Electronic music is tainted by a disconnect between sight and sound. Even the most hardware heavy techno show leaves the listener struggling to connect music with actions. It relies on a suspension of disbelief; that twisted knob made that bass throb, that pressed key was somehow related to that acid squelch.
With “Auxon”, Graham Dunning has engaged with this issue head-on, producing an album of warm, crackling house and techno which makes no attempt to hide the imperfections in its construction. The antidote to the world of DJs miming on unplugged CDJs.
"Inherently wonky, clumsy and prone to unpredictability, the process is also completely transparent."
Released by the consistently intriguing Seagrave label, Auxon is the first recorded documentation of Dunning’s ‘Mechanical Techno‘ set up. Part installation, part hardware rave system, the machine has been playing and evolving in art galleries and dingy club basements over the last few years. Put simply, layers of vinyls spinning on record player axles are used to bash contact mics or trigger drum machines and synths, which are mixed and manipulated live by Dunning.
Inherently wonky, clumsy and prone to unpredictability, the process is also completely transparent. Physical adjustments lead to real time changes in sound, each time the system is set up the outcome is different.
"Producers now often strive to manufacture some kind of imperfection into their music; for Dunning that imperfection is not only natural, it's essential to making the album so unique, and so addictive."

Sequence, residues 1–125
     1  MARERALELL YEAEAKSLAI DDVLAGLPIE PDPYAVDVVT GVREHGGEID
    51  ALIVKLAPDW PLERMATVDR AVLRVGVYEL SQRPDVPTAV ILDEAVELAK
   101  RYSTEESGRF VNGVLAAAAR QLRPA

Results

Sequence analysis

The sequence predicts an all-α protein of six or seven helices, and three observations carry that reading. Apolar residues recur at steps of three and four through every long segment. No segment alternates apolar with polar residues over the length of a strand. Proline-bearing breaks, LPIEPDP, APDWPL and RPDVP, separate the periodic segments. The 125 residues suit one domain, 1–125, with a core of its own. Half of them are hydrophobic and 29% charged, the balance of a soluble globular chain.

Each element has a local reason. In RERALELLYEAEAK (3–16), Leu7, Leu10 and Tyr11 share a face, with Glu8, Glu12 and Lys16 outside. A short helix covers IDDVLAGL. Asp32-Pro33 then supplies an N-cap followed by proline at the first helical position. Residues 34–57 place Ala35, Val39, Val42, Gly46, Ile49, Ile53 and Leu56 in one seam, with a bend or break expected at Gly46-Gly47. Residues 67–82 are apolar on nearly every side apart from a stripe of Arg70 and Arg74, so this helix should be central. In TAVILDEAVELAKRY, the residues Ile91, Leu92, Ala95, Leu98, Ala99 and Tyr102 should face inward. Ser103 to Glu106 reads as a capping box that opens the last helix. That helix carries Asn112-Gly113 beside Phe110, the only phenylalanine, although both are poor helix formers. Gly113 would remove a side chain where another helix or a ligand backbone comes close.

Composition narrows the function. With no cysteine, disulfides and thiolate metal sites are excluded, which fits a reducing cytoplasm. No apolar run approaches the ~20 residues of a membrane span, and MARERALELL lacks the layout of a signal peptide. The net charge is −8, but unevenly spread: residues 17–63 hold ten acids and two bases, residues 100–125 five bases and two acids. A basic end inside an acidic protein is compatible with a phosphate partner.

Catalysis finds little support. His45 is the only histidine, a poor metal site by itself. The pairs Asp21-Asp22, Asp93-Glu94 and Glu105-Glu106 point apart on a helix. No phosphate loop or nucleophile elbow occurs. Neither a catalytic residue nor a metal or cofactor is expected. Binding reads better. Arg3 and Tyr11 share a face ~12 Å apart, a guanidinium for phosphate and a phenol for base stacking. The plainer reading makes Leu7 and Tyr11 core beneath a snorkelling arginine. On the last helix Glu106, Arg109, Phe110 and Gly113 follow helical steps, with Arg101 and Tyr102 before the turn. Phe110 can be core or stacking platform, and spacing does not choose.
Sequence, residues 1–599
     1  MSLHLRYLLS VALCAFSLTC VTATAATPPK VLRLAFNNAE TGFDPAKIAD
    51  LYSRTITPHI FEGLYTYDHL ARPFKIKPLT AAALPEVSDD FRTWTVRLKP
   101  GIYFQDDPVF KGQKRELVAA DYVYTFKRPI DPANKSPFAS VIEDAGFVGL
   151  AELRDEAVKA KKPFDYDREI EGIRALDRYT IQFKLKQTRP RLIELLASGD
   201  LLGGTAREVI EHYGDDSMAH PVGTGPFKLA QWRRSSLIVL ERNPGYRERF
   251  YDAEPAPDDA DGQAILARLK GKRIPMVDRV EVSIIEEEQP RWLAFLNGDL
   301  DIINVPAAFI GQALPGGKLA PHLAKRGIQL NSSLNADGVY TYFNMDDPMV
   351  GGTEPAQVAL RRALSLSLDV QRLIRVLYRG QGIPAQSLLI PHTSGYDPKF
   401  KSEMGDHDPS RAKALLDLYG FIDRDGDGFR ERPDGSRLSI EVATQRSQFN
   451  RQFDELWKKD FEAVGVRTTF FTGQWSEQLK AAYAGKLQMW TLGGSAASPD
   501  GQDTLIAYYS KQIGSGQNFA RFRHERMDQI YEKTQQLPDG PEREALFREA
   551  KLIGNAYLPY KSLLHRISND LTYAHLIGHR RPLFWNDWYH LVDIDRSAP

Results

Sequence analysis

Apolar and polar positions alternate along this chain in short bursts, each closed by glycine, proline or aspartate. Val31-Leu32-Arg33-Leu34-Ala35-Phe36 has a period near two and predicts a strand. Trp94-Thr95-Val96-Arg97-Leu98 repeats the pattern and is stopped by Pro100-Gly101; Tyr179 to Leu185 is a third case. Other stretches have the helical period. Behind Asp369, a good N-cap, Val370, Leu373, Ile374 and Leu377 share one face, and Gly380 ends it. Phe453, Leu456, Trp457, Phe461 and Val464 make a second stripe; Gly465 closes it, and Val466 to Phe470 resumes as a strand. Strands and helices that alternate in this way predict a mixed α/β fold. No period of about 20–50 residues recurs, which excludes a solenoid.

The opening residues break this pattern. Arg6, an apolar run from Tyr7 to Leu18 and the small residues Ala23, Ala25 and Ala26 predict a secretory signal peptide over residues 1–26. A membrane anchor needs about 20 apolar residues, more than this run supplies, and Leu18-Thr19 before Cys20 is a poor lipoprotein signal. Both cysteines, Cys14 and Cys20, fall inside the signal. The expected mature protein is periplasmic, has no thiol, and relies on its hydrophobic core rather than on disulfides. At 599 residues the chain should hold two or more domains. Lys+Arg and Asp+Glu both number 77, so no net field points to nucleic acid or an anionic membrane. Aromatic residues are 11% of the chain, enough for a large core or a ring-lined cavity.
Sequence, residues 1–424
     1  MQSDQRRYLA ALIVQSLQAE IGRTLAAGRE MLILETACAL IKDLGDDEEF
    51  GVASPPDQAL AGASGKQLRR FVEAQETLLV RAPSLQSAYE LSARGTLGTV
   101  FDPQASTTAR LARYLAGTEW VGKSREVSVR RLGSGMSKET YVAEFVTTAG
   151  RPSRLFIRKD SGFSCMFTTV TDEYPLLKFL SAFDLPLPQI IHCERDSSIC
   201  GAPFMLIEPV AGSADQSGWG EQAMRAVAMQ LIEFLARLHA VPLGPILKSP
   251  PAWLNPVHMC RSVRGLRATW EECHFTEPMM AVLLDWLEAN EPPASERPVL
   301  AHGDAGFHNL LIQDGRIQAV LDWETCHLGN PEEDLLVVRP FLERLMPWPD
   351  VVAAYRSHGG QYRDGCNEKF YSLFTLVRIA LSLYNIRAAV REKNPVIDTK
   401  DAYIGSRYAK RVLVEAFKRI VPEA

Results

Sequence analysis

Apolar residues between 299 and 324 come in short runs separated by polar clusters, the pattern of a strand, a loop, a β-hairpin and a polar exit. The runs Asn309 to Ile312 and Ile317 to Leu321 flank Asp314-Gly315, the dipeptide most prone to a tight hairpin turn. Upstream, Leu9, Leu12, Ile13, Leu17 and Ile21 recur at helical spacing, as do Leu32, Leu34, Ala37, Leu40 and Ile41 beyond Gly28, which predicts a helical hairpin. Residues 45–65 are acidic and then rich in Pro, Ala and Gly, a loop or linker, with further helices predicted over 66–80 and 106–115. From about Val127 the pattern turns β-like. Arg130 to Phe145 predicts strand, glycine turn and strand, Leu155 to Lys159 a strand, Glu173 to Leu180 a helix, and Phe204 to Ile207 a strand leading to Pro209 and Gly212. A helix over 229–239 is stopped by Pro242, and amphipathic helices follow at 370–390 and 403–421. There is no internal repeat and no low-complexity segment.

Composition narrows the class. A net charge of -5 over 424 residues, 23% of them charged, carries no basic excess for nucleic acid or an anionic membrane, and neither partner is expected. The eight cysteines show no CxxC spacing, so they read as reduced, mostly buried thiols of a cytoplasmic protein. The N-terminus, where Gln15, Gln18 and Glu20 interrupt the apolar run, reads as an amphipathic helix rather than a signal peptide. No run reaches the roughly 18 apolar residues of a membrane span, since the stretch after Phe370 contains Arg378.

The remarkable thing about Auxon is that even without the visual stimulus of seeing Dunning’s techno machine in action, you can sense the rub of vinyl on axle in each stumbling bass line and stuttering hi-hat. Producers now often strive to manufacture some kind of imperfection into their music; for Dunning that imperfection is not only natural, it’s essential to making the album so unique, and so addictive.
Following the woozy chords of opener ‘Replicator Intro‘ the album launches abruptly into ‘Old Hexagon Borderlands.‘ Vocal samples weave in and out of clanks and humming synths, all held together by a pulsing beat. Snares and hi-hats restlessly stutter and skip, capturing the twitches of precariously balanced record players. A sense that the whole thing is on the verge of flying apart in a hail of vinyl and sellotape can be heard in the recordings, adding a nervous energy that is startlingly effective in the album’s dancier tracks.
"The real triumph is that the music on record has a character all its own, making it more than just a curiosity of technique and process."
Across the 46 minutes of Auxon’s duration it jumps from solid techno into wonky acid, at points collapsing into washes of echo and scatter gun beats. Crucially, Dunning hasn’t let the unusual method behind his music’s construction become an excuse for monotony. ‘Regolith Scoop‘ revolves around a twitching piano loop and arhythmic percussion, sounding like a jam between Wolfgang Voigt and Ekoplekz. ‘Rainbow Rhythem‘ has a frantically shuffled beat where the crackle of vinyl is as essential to the groove as the stabs of synth.
Like the prepared pianos of Hauschka or John Cage, and the cracked vinyl tales of Philip Jeck or James Leyland Kirby’s Caretaker project, Dunning’s music has as much narrative in the process behind its creation as in the sounds themselves. Like those mentioned however, the real triumph is that the music on record has a character all its own, making it more than just a curiosity of technique and process.
Auxon is out now on Seagrave, order a digital or cassette copy from Bandcamp.
1. Replicator Intro
2. Old Hexagon Borderlands
3. Cyclops Acid (with Justin Paton)
4. Factual Rhythem
5. Compact Rhythem
6. Regolith Scoop
7. Rotator Intro
11. Rainbow Rhythem
12. Fictional Toxins
13. Grey Goo Scenario
Discover more about Graham Dunning and Seagrave on Inverted Audio.